Day of thugs

CAIRO — Feb. 2 actually started out as a pretty good day for the anti-government protesters still massed in Tahrir Square. The usual festive mood and sense of community reigned after another chilly night outdoors. When Internet service abruptly returned around noon, the good news spread throughout the crowd. It was taken as a sign ...

Chris Hondros/Getty Images
Chris Hondros/Getty Images
Chris Hondros/Getty Images

CAIRO — Feb. 2 actually started out as a pretty good day for the anti-government protesters still massed in Tahrir Square. The usual festive mood and sense of community reigned after another chilly night outdoors. When Internet service abruptly returned around noon, the good news spread throughout the crowd. It was taken as a sign that the government's grip was weakening and the tide was turning toward a resolution of the weeklong standoff with President Hosni Mubarak.

That turned out to be a gross miscalculation. By nightfall, the streets around Tahrir were littered with wounded protesters who were frightened, enraged, shell shocked, and desperately short of medical supplies.

Read more.

CAIRO — Feb. 2 actually started out as a pretty good day for the anti-government protesters still massed in Tahrir Square. The usual festive mood and sense of community reigned after another chilly night outdoors. When Internet service abruptly returned around noon, the good news spread throughout the crowd. It was taken as a sign that the government’s grip was weakening and the tide was turning toward a resolution of the weeklong standoff with President Hosni Mubarak.

That turned out to be a gross miscalculation. By nightfall, the streets around Tahrir were littered with wounded protesters who were frightened, enraged, shell shocked, and desperately short of medical supplies.

Read more.

 

Ashraf Khalil is a Cairo-based journalist. This article is an edited excerpt of his book, Liberation Square: Inside the Egyptian Revolution and the Rebirth of a Nation.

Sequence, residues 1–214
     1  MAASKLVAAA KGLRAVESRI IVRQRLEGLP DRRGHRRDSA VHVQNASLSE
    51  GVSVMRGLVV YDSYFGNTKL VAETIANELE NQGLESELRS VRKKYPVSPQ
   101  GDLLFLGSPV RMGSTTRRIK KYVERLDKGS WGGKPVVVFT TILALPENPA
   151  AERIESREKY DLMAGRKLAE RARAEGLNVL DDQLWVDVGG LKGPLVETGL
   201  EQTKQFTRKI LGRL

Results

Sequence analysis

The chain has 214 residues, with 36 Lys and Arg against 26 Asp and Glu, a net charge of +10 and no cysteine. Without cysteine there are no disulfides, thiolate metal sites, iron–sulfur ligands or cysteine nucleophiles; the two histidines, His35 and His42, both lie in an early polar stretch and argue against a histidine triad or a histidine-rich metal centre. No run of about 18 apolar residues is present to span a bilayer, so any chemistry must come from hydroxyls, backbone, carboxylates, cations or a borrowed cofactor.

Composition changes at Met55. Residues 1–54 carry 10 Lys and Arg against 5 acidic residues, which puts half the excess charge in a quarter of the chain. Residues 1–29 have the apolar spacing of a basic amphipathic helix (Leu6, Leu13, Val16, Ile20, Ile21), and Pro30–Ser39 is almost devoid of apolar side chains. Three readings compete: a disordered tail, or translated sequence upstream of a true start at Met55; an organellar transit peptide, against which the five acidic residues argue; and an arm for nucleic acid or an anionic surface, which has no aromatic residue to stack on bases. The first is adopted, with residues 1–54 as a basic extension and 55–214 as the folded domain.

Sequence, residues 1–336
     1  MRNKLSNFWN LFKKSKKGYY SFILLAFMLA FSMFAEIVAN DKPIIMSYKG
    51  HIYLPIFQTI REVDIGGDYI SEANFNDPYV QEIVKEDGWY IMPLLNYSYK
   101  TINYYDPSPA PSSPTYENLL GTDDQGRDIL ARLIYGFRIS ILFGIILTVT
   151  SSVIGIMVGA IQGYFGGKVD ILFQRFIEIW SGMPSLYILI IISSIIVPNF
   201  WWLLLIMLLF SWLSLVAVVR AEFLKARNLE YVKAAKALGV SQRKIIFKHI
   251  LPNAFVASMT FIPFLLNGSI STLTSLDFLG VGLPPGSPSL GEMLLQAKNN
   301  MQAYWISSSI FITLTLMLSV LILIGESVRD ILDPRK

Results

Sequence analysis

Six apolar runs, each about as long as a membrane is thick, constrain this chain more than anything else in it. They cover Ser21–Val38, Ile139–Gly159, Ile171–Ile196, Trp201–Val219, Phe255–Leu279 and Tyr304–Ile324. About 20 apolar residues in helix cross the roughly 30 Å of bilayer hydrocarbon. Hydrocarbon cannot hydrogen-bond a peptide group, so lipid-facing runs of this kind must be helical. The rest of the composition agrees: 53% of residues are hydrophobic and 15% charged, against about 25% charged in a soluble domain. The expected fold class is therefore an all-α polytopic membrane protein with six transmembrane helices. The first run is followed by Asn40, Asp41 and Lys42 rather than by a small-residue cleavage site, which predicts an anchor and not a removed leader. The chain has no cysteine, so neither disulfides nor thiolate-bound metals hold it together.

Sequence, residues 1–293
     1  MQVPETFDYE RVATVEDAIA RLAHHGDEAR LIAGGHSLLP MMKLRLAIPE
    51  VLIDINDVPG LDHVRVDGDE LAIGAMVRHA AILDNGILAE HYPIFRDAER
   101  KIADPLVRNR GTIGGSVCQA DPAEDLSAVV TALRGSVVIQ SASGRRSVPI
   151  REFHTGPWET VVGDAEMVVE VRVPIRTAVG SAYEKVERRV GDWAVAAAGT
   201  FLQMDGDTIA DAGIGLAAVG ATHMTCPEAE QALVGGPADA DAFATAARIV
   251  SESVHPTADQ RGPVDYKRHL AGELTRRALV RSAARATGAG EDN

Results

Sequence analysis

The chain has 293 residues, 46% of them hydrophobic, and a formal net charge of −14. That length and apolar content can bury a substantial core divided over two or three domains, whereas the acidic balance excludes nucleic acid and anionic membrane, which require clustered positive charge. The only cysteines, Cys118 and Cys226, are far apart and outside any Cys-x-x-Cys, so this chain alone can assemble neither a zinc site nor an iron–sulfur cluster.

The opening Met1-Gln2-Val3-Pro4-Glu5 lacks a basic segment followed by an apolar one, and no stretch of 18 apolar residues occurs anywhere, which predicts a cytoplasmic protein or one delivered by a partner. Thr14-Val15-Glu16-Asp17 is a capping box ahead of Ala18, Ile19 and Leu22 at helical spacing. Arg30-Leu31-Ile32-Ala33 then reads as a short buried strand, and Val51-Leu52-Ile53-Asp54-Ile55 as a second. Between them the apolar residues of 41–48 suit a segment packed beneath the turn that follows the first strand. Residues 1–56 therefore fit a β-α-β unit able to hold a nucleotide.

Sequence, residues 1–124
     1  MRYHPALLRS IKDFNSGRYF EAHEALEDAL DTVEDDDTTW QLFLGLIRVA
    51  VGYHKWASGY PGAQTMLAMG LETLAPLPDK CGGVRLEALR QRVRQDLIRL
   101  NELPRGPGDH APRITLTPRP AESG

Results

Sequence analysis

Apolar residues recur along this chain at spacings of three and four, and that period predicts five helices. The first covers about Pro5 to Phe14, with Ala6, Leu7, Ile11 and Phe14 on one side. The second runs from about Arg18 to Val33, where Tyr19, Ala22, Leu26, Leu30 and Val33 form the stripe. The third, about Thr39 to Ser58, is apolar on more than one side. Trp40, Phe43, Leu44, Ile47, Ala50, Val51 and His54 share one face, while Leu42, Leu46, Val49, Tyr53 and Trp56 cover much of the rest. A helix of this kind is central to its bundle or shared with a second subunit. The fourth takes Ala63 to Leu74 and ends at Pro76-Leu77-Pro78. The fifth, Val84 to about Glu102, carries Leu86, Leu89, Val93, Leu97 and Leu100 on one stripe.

More from Foreign Policy

A Panzerhaubitze 2000 tank howitzer fires during a mission in Ukraine’s Donetsk region.
A Panzerhaubitze 2000 tank howitzer fires during a mission in Ukraine’s Donetsk region.

Lessons for the Next War

Twelve experts weigh in on how to prevent, deter, and—if necessary—fight the next conflict.

An illustration showing a torn Russian flag and Russian President Vladimir Putin.
An illustration showing a torn Russian flag and Russian President Vladimir Putin.

It’s High Time to Prepare for Russia’s Collapse

Not planning for the possibility of disintegration betrays a dangerous lack of imagination.

An unexploded tail section of a cluster bomb is seen in Ukraine.
An unexploded tail section of a cluster bomb is seen in Ukraine.

Turkey Is Sending Cold War-Era Cluster Bombs to Ukraine

The artillery-fired cluster munitions could be lethal to Russian troops—and Ukrainian civilians.

A joint session of Congress meets to count the Electoral College vote from the 2008 presidential election the House Chamber in the U.S. Capitol  January 8, 2009 in Washington.
A joint session of Congress meets to count the Electoral College vote from the 2008 presidential election the House Chamber in the U.S. Capitol January 8, 2009 in Washington.

Congrats, You’re a Member of Congress. Now Listen Up.

Some brief foreign-policy advice for the newest members of the U.S. legislature.